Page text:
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Watson v. State

Supreme Court of Delaware

November 6, 2013

David WATSON, Defendant Below, Appellant,
STATE of Delaware, Plaintiff Below, Appellee.

Submitted: Sept. 3, 2013.

Editorial Note:

This decision has been designated as "Table of Decisions Without Published Opinions." in the Atlantic Reporter.

Court Below— Superior Court of the State of Delaware in and for Sussex County, Cr. ID Nos. 0603014298, 0603017504.

Before HOLLAND, JACOBS and RIDGELY, Justices.



This l6th day of November 2013, upon consideration of the appellant's brief filed pursuant to Supreme Court Rule 26(c), his attorney's motion to withdraw, and the State's response, it appears to the Court that:

(1) In 2006, the appellant, David Watson, pled guilty to Robbery in the First Degree and other offenses (hereinafter " the robbery case" ) and was sentenced to a total of twenty-one years at Level V suspended after six years for eight years of probation. On September 27, 2012, Watson was found to have violated his probation (" VOP" ) in the robbery case and was sentenced, on December 19, 2012, to fifteen years at Level V suspended for eight years of probation.

(2) In January 2013, the Delaware State Police arrested Watson for his alleged participation in shootings at the home of various law enforcement officers in Delaware and Maryland. Watson was indicted on January 7, 2013, on multiple counts of Reckless Endangering in the First Degree and other offenses (" the reckless endangering case" ).[1]

(3) As a result of the new charges in the reckless endangering case, and for allegedly missing an appointment with his probation officer, submitting a positive drug screen for marijuana, and for possessing firearms, Watson was again charged with VOP in the robbery case (" the second VOP" ). After a hearing on March 7, 2013, Watson was found guilty of the second VOP and was sentenced, on March 21, 2013, to fifteen years at Level V, with credit for time served, followed by six months at Level III probation. This appeal followed.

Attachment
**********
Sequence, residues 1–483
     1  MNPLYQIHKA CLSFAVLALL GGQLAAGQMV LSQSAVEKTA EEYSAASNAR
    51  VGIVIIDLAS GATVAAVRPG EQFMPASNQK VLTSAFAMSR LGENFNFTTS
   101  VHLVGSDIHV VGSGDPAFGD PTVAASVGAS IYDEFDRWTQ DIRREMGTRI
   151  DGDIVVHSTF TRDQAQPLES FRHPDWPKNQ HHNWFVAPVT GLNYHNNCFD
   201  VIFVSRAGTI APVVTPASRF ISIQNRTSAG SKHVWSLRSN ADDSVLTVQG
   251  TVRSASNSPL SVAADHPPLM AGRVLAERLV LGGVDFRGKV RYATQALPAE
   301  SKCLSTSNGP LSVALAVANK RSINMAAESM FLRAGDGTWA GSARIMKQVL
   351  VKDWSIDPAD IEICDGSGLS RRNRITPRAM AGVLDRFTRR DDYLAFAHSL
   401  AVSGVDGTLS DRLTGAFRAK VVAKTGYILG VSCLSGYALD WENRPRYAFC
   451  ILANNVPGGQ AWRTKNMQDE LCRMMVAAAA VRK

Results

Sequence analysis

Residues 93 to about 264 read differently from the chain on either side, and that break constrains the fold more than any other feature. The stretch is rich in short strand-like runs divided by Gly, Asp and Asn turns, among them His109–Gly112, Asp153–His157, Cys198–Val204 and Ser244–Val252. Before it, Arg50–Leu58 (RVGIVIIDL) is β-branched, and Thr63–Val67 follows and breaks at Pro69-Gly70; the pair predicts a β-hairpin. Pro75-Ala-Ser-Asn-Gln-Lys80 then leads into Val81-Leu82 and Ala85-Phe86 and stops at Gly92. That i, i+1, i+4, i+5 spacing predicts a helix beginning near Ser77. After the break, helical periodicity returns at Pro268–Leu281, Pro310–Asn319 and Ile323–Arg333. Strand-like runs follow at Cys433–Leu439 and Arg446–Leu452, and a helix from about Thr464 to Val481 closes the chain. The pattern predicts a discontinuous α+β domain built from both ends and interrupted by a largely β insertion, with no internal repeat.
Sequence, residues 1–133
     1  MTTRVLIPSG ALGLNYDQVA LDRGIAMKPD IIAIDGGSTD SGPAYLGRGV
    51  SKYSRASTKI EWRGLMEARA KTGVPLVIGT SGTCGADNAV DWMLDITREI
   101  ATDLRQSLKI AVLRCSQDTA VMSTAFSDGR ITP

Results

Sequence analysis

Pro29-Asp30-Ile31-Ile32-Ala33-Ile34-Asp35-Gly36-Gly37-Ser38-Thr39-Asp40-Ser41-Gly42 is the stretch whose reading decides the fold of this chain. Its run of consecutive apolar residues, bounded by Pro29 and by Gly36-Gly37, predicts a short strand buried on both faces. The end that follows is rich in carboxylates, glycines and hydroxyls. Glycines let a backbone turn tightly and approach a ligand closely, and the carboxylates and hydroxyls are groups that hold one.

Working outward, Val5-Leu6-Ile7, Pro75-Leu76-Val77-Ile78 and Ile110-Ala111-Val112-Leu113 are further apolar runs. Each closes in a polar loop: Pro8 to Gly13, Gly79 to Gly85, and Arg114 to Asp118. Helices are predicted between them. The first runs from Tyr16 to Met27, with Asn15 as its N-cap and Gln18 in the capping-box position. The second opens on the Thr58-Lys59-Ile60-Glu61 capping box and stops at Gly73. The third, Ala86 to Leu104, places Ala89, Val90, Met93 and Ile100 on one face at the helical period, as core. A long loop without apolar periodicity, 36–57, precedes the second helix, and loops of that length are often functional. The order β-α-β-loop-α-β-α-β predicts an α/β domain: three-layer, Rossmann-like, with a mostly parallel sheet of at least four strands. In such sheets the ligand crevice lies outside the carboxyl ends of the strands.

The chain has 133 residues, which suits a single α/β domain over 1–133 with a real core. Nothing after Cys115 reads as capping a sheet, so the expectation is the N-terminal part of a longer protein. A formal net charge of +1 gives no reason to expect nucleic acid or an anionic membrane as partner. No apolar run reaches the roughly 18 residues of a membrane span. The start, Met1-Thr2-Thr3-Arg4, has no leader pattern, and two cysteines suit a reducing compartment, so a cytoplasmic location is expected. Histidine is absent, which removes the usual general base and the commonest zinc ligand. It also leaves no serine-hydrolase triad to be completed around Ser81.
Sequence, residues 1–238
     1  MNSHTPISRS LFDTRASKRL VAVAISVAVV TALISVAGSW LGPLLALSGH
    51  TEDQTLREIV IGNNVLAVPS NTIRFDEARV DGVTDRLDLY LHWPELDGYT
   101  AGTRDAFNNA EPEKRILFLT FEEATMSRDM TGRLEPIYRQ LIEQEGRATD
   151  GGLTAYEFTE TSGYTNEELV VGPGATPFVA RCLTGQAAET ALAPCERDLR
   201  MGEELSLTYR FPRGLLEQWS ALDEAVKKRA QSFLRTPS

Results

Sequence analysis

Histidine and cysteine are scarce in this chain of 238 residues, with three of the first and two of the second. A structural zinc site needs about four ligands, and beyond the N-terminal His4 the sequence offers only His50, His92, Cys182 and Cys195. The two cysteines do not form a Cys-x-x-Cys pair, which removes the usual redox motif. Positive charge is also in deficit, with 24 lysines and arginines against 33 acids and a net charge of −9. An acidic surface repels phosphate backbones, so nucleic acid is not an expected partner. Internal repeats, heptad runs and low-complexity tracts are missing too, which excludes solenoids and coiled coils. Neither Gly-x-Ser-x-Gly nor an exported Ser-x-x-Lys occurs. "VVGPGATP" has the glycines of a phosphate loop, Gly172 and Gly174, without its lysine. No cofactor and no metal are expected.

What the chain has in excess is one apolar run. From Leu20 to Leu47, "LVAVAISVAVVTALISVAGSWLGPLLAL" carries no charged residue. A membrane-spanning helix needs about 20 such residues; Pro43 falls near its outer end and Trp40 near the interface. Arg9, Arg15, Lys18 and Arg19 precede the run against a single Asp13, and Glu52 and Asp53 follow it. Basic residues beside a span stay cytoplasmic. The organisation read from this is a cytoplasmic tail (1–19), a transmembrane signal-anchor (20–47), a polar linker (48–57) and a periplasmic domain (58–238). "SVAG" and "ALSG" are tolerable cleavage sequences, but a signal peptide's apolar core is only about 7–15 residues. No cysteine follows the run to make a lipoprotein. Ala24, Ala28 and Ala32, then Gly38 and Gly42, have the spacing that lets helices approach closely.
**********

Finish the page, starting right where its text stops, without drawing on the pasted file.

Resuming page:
(4) On appeal, Watson's defense counsel (" Counsel" ) has filed a brief and a motion to withdraw pursuant to Supreme Court Rule 26(c).[2] Counsel asserts that, based upon a complete and careful examination of the record, there are no arguably appealable issues. By letter, Counsel informed Watson of the provisions of Rule 26(c) and provided him with a copy of the motion to withdraw, the accompanying brief and the hearing transcript. Watson also was informed of his right to supplement Counsel's presentation. Watson responded with a writing that submits two issues for this Court's consideration. The State has responded to the position taken by Counsel as well as the issues raised by Watson and has moved to affirm the Superior Court's judgment.

(5) When reviewing a motion to withdraw and an accompanying brief under Rule 26(c), the Court must be satisfied that defense counsel has made a conscientious examination of the record and the law for arguable claims. [3] The Court must also conduct its own review of the record and determine whether the appeal is so totally devoid of at least arguably appealable issues that it can be decided without an adversary presentation. [4]

(6) On appeal, Watson contends that Counsel had a conflict of interest in representing Watson in the second VOP proceeding because Counsel was aware that Watson had initiated a federal action against him. Watson's claim is without merit. Watson's filing of a complaint against Counsel did not, in and of itself, create a prejudicial conflict of interest.[5]

(7) Also, Watson contends that Counsel rendered ineffective assistance at the second VOP proceeding. This claim is unavailing. It is settled Delaware law that this Court will not consider allegations of ineffective assistance of counsel made for the first time on direct appeal. [6] Because Watson's ineffective assistance of counsel claim was not presented to the Superior Court in the first instance, we decline to address such a claim in this appeal.

(8) Upon careful review of the record, the Court has concluded that Watson's appeal is wholly without merit and devoid of any arguably appealable issue. We are satisfied that Counsel made a conscientious effort to examine the record and the law and properly determined that Watson could not raise a meritorious claim on appeal.

NOW, THEREFORE, IT IS ORDERED that the State's motion to affirm is GRANTED. The judgment of the Superior Court is AFFIRMED. The motion to withdraw is moot.

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